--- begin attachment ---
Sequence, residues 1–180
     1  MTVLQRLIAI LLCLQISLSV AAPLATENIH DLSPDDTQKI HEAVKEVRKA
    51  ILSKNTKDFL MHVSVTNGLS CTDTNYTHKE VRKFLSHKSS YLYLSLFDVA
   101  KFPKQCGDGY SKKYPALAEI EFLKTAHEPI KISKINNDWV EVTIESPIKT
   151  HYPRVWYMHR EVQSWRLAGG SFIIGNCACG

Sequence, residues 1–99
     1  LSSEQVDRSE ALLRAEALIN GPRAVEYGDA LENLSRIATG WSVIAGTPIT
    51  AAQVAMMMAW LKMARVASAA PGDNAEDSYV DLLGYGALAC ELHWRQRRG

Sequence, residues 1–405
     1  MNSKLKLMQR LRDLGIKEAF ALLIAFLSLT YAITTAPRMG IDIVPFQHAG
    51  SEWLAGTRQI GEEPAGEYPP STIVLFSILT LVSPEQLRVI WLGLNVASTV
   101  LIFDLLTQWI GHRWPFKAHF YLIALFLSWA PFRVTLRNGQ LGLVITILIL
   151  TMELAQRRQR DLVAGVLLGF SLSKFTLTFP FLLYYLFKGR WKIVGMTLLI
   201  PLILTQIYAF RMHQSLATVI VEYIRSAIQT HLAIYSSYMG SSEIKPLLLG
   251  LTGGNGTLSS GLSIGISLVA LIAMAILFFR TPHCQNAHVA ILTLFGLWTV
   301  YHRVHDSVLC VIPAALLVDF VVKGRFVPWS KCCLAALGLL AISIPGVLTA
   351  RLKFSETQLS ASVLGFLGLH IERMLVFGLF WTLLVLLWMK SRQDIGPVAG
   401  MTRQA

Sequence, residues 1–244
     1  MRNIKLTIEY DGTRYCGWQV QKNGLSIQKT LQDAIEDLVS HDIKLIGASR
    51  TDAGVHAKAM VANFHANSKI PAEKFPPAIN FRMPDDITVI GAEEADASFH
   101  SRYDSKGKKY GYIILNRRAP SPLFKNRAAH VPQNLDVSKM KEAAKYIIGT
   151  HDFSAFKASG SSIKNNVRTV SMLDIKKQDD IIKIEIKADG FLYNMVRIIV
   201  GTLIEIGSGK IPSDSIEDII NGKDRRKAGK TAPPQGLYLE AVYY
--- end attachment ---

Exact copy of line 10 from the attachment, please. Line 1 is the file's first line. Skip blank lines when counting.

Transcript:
     1  MNSKLKLMQR LRDLGIKEAF ALLIAFLSLT YAITTAPRMG IDIVPFQHAG